HOL is a very difficult and frustrating read in many ways. We have the main story of the family that lives in this house that is bigger on the inside than the outside… And it keeps growing. (When I first heard of HOL I jokingly referred to it as a Tardis!). There is also Johnny’s story (which I honestly did not care about at all) and he has discovered an old man’s notes on the house.
HOL just did not work for me. All I was interested in was the house and the family and even they lost my attention. The novel became tedious and I have to admit I scanned through a lot of it, I know I missed some things. The only ‘light in the tunnel’ for me was Tom. By the time I got to the ending I really did not care about what happened.
Though not for me, it might be for someone out there!
Kim’s Thoughts (We can’t really say review as she DNF’d):
What a weird book. I can’t really give it a rating since I didn’t finish it … which I am totally ok with, cuz dang that is a weird book! I’m a big horror fan so I thought that I’d enjoy the story. It has tons of potential with that creepy underbelly of the house and the weird growls and all. And had it been just the story of the house, I probably would have finished it and liked it! But everything else, the old man, Johnny who literally has sex with every woman he meets, all the philosophy and theology and snooty cinematic criticism and over analyzing!!! How boring and confusing and exhausting! I finally couldn’t take it and decided to just DNF it. I gave it to Adam, my cinematic, super nerdy friend and I hope he reads it and loves it! I’m sorry, I didn’t!
Beccie’s Rating: 1.5 stars
Beccie is the creator of the Bookies Facebook page and yes, it was her suggestion to read House of Leaves, but I went with it!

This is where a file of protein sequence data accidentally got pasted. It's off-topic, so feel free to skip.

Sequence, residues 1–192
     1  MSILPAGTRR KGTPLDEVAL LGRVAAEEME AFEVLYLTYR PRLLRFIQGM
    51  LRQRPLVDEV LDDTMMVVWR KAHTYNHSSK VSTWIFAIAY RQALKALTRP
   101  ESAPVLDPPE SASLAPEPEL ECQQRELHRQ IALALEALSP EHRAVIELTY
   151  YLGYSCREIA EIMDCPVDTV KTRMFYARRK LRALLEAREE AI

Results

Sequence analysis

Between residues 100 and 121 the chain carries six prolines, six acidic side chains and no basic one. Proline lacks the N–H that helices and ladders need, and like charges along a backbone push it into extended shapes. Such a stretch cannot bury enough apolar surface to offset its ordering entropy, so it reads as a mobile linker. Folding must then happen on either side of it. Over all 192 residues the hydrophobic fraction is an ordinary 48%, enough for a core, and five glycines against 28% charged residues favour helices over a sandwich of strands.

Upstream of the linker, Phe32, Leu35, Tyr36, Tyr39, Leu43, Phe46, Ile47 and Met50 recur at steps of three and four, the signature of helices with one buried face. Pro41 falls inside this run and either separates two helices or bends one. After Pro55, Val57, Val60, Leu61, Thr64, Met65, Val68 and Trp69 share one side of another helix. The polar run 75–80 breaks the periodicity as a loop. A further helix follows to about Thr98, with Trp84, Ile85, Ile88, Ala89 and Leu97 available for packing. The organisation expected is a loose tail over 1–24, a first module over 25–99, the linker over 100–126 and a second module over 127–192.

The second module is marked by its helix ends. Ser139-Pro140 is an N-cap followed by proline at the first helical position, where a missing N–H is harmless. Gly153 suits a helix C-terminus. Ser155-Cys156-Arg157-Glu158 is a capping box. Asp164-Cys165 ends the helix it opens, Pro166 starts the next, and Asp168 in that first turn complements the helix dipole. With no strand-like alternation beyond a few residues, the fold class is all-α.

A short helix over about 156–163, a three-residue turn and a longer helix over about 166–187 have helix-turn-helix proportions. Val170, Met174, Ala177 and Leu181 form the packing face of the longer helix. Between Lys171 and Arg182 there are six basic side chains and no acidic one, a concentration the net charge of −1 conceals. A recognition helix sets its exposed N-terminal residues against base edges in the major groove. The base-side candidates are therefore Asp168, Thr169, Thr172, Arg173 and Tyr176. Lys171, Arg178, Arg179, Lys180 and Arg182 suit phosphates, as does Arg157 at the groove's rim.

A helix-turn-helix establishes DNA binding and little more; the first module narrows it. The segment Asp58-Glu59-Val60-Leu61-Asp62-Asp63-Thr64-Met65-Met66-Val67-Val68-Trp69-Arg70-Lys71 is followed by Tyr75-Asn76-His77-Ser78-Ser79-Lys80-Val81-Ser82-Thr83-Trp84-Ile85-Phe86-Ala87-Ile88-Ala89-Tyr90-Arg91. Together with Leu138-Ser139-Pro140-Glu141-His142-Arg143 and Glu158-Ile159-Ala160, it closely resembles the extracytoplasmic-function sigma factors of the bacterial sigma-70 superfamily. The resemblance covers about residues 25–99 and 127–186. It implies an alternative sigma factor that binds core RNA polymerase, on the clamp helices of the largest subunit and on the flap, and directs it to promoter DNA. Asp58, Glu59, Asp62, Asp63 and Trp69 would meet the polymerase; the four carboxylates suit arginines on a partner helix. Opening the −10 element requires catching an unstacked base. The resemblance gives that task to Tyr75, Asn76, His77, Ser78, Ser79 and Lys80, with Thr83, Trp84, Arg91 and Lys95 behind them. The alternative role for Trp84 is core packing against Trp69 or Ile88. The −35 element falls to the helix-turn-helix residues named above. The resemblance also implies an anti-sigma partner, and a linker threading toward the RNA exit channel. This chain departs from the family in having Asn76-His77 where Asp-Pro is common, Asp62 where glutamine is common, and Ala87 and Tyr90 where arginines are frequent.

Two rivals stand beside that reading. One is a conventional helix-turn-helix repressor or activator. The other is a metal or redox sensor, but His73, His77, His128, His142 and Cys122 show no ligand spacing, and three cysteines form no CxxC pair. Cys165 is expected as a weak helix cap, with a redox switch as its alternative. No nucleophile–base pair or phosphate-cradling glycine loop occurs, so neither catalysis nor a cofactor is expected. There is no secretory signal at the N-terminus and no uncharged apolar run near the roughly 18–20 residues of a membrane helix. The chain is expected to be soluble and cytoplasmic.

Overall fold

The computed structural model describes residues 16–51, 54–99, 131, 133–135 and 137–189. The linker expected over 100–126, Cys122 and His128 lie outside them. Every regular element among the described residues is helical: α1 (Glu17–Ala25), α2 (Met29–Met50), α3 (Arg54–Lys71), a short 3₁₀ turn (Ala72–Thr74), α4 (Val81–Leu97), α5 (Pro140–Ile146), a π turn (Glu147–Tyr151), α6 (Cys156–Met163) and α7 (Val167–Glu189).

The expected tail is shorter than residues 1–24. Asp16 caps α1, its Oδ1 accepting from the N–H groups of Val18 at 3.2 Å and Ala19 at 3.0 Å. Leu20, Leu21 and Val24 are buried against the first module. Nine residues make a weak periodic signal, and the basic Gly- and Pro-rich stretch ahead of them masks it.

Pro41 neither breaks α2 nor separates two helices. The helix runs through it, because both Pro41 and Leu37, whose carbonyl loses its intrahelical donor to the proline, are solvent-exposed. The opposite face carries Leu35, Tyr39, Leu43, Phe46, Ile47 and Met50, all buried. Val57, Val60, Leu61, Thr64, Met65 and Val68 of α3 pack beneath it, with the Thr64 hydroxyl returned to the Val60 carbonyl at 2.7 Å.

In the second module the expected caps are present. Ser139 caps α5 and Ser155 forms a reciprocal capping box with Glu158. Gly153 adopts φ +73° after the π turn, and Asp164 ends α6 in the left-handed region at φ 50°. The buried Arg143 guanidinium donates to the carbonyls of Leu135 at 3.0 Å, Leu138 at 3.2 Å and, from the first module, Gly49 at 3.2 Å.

I heard about this book on Booktube and it sounded so good. A guy finds some notes about a house that is bigger on the inside than the outside and the family who struggles to figure out what to do about their house; that sounds so good. I even knew going in that this book was uniquely structured and I was all for it. The author obviously put a lot of effort and time into creating this novel so props to him on that.
The introduction section was an intriguing start and once I got to the part of the story introducing the Navidson family and their bizarre home it was fascinating. Sadly, shortly after they discover this mysterious hallway and the father takes to exploring it with his brother and other friends it got boring very quickly. Every “expedition” into this hallway was just the same boring thing over and over and over again with slight dimension changes. Thank God a lot of this book was made up of pages with very little wording on them because those were the pages that got me through this book. I will say my favorite character was Tom. He was the bright spot in this otherwise boring AF story. He brought the humor that I needed in order to get through. In fact, I actually laughed out load a few times at his jokes and sense of humor.